burkha , and they may not leave the house without being accompanied by
a male family member. They’ve not been permitted to attend school or
be treated by male doctors, yet women have been banned from practicing
medicine or any profession for that matter.

The lot of males is better if they blindly accept the laws of an
extreme religious theocracy that prescribes strict rules governing all
behavior, from a ban on shaving to what crops may be grown. It is this
last power that has captured the enthusiasm of the Bush White House.

The Taliban fanatics, economically and diplomatically isolated, are at
the breaking point, and so, in return for a pittance of legitimacy and
cash from the Bush administration, they have been willing to appear to
reverse themselves on the growing of opium. That a totalitarian
country can effectively crack down on its farmers is not surprising.
But it is grotesque for a U.S. official, James P. Callahan, director
of the State Department’s Asian anti-drug program, to describe the
Taliban’s special methods in the language of representative democracy:
“The Taliban used a system of consensus-building,” Callahan said after
a visit with the Taliban, adding that the Taliban justified the ban on
drugs “in very religious terms.”

Of course, Callahan also reported, those who didn’t obey the
theocratic edict would be sent to prison.

In a country where those who break minor rules are simply beaten on
the spot by religious police and others are stoned to death, it’s
understandable that the government’s “religious” argument might be
compelling. Even if it means, as Callahan concedes, that most of the
farmers who grew the poppies will now confront starvation. That’s
because the Afghan economy has been ruined by the religious extremism
of the Taliban, making the attraction of opium as a previously
tolerated quick cash crop overwhelming.

For that reason, the opium ban will not last unless the U.S. is
willing to pour far larger amounts of money into underwriting the
Afghan economy.

As the Drug Enforcement Administration’s Steven Casteel admitted, “The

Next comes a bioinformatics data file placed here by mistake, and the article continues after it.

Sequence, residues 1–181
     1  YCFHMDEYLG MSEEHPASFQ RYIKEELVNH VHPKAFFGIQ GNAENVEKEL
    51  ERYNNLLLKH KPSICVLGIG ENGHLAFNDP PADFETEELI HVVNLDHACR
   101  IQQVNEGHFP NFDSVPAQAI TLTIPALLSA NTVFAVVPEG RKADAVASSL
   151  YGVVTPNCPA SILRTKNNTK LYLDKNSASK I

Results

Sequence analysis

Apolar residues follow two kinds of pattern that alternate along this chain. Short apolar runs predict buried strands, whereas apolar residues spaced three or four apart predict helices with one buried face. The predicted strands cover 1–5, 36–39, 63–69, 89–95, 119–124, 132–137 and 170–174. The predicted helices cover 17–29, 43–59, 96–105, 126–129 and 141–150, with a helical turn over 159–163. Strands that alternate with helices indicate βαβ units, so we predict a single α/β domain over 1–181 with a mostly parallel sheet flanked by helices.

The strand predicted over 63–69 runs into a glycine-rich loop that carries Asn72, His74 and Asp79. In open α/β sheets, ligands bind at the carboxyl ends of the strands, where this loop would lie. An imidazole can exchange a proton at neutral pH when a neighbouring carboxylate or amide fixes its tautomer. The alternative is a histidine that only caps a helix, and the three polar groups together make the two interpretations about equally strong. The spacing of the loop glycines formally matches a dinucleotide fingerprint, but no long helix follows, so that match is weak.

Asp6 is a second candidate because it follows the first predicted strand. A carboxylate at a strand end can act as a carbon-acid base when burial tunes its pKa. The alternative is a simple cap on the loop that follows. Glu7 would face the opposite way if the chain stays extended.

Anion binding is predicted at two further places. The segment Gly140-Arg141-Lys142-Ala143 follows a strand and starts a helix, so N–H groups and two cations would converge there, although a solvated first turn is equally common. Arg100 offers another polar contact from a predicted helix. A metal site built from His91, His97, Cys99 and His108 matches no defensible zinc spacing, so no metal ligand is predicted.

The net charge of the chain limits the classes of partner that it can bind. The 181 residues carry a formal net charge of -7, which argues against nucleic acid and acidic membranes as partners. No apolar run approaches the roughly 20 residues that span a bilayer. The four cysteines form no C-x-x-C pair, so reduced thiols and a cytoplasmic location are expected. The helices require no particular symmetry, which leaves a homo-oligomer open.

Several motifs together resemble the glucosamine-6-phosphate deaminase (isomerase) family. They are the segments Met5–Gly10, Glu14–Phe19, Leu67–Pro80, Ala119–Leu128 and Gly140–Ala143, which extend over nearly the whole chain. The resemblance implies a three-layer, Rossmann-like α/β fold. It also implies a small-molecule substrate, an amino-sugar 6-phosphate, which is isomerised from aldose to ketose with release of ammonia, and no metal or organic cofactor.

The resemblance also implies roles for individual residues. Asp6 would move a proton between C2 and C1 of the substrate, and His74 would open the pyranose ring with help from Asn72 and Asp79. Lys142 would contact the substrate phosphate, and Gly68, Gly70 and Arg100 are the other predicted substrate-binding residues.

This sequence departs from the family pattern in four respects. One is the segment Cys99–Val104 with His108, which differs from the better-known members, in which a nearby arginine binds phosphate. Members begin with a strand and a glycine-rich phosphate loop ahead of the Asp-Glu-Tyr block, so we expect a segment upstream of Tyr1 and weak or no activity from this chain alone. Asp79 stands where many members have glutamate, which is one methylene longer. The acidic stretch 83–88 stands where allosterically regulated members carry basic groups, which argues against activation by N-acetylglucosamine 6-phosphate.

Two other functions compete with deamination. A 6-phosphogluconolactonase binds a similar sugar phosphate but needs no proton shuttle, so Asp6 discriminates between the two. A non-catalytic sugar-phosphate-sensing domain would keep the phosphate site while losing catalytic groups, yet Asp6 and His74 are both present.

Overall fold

bad side of the ban is that it’s bringing their country–or certain
regions of their country–to economic ruin.” Nor did he hold out much
hope for Afghan farmers growing other crops such as wheat, which
require a vast infrastructure to supply water and fertilizer that no
longer exists in that devastated country. There’s little doubt that
the Taliban will turn once again to the easily taxed cash crop of
opium in order to stay in power.

The Taliban may suddenly be the dream regime of our own war drug war
zealots, but in the end this alliance will prove a costly failure. Our
long sad history of signing up dictators in the war on drugs
demonstrates the futility of building a foreign policy on a domestic



To the editor,

I’m glad Robert Scheer took the Bush administration to task for giving
millions in anti-drug aid to Afghanistan’s Taliban, a government that
insists on dehumanizing women and committing other crimes (“Bush’s
Faustian Deal With The Taliban,” May 22).

US leaders seem to think that despite all the horrors that have been
visited on the people of Afghanistan, a successful drug eradication
program shows some light shining in an otherwise very dark government.
To the contrary, America’s relentless support of the drug war helps to
magnify the darkness in our own government.

Instead of rewarding these despots, the administration ought to
reevaluate its own policies and goals regarding drugs. If we have to
bribe the Taliban to display a degree of ruthlessness suitable to us,
that should surely indicate the depth to which we have sunk in the
immoral cesspool of the drug war.

Stephen Young contact info